Organizing any business under a corporate structure will provide benefits that will always outweigh any business tax burdens. Those benefits include protecting personal assets from corporate liabilities and giving a business owner more opportunities to deduct expenses from corporate income. The filing fees to setup a corporation are typically less than $ 500, and annual renewals are generally $ 100 to $ 200.

#3. Has the business filed an S-election?

Many entrepreneurs elect to have their businesses treated as S Corporations by filing Form 2553 with the IRS. When the IRS accepts this form, the business’s profits are reported on the owner’s personal tax returns, where they are treated as ordinary income. An S corporation needs to file an information return with the IRS each year, but it does not pay corporate taxes in its income.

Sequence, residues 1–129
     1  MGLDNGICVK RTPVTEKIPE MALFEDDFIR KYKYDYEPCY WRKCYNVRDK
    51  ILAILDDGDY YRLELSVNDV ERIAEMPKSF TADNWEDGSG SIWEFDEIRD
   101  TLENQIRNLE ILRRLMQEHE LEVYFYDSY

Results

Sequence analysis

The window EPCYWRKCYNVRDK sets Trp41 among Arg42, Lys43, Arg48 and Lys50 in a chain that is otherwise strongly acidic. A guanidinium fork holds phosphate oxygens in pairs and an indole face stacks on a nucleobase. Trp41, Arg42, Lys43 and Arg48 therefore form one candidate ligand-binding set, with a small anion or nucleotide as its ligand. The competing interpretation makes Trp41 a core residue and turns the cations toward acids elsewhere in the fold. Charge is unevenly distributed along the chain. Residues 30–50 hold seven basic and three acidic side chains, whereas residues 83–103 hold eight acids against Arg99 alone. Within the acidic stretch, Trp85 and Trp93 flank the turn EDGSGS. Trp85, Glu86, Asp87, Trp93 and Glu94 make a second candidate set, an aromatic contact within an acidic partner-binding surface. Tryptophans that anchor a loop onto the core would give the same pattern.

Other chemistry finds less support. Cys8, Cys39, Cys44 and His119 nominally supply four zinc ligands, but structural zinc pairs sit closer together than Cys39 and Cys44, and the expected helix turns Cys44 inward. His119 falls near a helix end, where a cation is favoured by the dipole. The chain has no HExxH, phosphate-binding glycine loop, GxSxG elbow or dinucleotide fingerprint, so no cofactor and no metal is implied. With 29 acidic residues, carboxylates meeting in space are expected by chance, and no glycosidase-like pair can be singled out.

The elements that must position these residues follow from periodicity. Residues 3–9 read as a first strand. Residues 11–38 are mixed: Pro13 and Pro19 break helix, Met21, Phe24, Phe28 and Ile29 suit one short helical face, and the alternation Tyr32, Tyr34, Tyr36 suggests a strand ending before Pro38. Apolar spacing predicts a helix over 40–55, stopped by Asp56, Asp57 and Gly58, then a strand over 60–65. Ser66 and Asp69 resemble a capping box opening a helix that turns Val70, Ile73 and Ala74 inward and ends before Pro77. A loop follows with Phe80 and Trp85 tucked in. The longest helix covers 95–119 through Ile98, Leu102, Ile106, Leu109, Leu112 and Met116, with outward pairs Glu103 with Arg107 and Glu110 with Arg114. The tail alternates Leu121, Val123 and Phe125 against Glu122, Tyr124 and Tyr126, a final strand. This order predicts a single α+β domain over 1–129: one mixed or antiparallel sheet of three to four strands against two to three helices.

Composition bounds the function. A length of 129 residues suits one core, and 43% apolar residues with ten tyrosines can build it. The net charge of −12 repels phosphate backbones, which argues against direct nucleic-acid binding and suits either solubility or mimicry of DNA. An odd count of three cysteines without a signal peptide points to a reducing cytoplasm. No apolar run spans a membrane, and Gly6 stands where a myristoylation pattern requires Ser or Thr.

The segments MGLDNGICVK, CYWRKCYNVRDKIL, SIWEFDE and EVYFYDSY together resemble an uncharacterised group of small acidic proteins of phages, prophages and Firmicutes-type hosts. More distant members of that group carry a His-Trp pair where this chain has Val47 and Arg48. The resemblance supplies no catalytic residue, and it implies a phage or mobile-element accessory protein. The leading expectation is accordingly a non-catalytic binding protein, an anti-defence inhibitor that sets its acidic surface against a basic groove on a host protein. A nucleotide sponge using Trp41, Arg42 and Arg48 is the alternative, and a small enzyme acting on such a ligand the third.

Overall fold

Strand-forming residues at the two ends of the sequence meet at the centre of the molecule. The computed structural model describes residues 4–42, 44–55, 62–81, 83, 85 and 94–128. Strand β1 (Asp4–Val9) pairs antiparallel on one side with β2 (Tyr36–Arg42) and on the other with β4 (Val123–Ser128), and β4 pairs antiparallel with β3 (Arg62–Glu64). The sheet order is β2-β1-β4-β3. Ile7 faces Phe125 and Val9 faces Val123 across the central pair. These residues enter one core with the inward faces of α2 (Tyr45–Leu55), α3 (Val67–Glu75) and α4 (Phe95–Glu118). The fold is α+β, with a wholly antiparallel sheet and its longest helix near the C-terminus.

#4. Was the S-election filed promptly and accepted by the IRS?

A new business should file Form 2553 within 75 days of its incorporation date. The IRS has established procedures to file an S-election retroactively, but filing this form is a straightforward process that will take much less time than attempting to file it retroactively. More importantly, the IRS needs to accept the filing in order for the S-election to be effective. The IRS will send an acknowledgement and acceptance of the filing if it is done correctly, but there is typically a four-to six-week turnaround before a new business receives that acknowledgement. If the IRS does not acknowledge and accept the form, the new business will be treated as a standard corporation and it will be taxed accordingly.

#5. What records should be retained?